‘Fulfilling’ jobs for older workers could benefit health and wellbeing


Maximising working opportunities for older people and offering fulfilling work beyond retirement age could have a profound impact on health and wellbeing, according to a report.

The International Longevity Centre UK’s Maximising the longevity dividend report has argued that offering older people rewarding employment can delay death, reduce the risk of people developing serious health problems, improve wellbeing and give a sense of purpose. However, offering poor quality work beyond retirement age will be likely to have the opposite effect.

The ILC stated that the share of the workforce aged 50 and over rose from 26% in 2004 to 32% in 2018, and estimated that people in this age bracket would account for 37% of the workforce by 2040.

David Sinclair, director of the ILC, said: “As the population ages there are enormous economic opportunities, but these are currently being neglected.

“Too many people face barriers to working and spending in later life – issues like inaccessible high streets, poorly designed products, and age discriminatory attitudes require a serious response.

“We’ve become accustomed to hearing our ageing population talked about as a bad thing – but the reality is it could be an opportunity.”

The report argued that the current barriers to getting more older people to remain in work included:

  • limited support for employees with health problems
  • age discrimination in recruitment
  • a lack of flexible working opportunities for staff with health and care needs
  • a lack of training and upskilling opportunities.

The report noted that people who worked for longer should also expect improved living standards in retirement, as they would be more likely to have accumulated wealth over a longer period of time.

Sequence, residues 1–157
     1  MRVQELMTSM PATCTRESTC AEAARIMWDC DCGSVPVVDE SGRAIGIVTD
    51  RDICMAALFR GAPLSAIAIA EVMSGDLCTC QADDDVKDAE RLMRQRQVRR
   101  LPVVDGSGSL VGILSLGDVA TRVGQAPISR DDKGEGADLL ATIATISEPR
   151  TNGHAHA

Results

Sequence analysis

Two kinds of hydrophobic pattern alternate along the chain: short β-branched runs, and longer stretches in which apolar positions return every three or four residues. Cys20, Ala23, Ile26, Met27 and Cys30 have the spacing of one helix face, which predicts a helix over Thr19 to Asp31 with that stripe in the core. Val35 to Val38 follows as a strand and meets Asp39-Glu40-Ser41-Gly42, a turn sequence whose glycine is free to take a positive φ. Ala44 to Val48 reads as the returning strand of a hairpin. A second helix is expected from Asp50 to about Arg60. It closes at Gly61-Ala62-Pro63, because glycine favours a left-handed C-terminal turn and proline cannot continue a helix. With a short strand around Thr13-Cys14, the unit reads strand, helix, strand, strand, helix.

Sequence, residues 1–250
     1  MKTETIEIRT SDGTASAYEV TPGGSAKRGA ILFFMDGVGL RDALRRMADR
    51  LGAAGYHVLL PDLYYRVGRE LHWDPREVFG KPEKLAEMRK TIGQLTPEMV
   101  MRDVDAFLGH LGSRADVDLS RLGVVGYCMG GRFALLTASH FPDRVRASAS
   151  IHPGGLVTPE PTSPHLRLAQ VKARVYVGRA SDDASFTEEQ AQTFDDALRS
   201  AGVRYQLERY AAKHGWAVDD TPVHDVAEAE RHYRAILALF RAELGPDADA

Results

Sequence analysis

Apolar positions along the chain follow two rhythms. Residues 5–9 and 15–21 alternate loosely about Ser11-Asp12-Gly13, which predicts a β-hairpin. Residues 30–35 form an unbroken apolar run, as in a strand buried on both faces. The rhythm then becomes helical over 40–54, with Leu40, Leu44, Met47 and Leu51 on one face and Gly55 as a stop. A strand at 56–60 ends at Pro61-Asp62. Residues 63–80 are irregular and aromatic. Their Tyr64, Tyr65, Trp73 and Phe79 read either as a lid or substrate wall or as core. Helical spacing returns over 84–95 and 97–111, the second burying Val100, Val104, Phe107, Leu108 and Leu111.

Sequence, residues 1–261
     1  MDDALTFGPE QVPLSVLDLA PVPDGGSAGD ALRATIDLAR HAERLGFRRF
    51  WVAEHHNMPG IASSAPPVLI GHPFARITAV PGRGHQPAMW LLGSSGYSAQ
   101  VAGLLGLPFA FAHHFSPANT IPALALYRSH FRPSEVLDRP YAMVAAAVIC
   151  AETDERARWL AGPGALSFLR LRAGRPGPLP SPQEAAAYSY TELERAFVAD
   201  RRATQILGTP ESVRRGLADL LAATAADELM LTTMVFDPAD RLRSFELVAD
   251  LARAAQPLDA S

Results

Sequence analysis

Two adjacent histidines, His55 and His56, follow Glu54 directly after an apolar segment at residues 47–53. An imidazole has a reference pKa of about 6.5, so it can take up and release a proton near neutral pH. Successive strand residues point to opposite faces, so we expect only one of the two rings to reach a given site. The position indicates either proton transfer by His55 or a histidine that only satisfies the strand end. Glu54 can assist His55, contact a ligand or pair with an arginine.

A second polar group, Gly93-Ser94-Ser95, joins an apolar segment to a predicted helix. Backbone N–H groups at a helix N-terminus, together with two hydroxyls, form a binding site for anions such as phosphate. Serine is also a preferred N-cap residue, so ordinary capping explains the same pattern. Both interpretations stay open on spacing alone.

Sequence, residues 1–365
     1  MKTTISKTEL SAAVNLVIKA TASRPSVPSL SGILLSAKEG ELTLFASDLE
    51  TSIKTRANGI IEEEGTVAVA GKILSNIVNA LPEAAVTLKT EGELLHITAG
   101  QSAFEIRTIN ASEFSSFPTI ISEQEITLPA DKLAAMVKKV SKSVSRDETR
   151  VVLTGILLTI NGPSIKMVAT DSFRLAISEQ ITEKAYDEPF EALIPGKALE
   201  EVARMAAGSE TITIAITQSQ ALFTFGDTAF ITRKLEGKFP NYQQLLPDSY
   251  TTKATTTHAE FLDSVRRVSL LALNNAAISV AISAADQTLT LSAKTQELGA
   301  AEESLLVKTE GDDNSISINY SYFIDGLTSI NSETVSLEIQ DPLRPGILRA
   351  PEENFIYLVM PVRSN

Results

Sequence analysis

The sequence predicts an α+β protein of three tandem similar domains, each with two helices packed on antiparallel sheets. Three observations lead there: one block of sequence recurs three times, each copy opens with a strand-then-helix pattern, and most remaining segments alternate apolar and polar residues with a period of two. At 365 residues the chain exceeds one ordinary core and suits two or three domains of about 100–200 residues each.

Sinclair added: “Realising the longevity dividend will require decisive action – of the kind we’ve yet to see from either business or government. For all the talk of baby boomers dominating politics, we’ve yet to see a serious response to the opportunities and this needs to change.”

3 Responses to ‘Fulfilling’ jobs for older workers could benefit health and wellbeing

  1. Avatar
    peter durrant 9 Dec 2019 at 11:07 am #

    I do think, and I’m eighty-two, living alone with a background in community social/development work there is always a contribution to be made. Why not, for existence, identify people’s work and other background assets. Enabling us to think about linking, albeit for two half-ways a week for whatever, a dialogue for people who are ageing to think about common ground. We have so much to offer and are usually now committed to enabling skills for the common good. As opposed to being totally dismissed by society, especially if one lives on one’s own, and their/our backgrounds forgotten. Or, as I so with luck, work pro bono for the more radical parts the third sector. Although, in an over-competitive worlds their inability to work together means one’s knowledge is also, too often, ignored. But it would be much more useful to recognise our formal and informal experience by thinking about shared and cooperative ventures. We could even think about launching into the world of social and community enterprises working, with and not for, people who are ageing. Which, of course, is all of us.

  2. Avatar
    Abid Azeem 10 Dec 2019 at 12:49 pm #

    Hi Peter, Totally agreed with you!

  3. Avatar
    Alexander Stevenson 11 Dec 2019 at 12:17 pm #

    I would love it if we could have more pieces about how employers benefit from older workers (Answer: enormously). I worry that research into how work is good for older people turns this into a CSR issue for employers rather than what it should be, namely how to improve performance.

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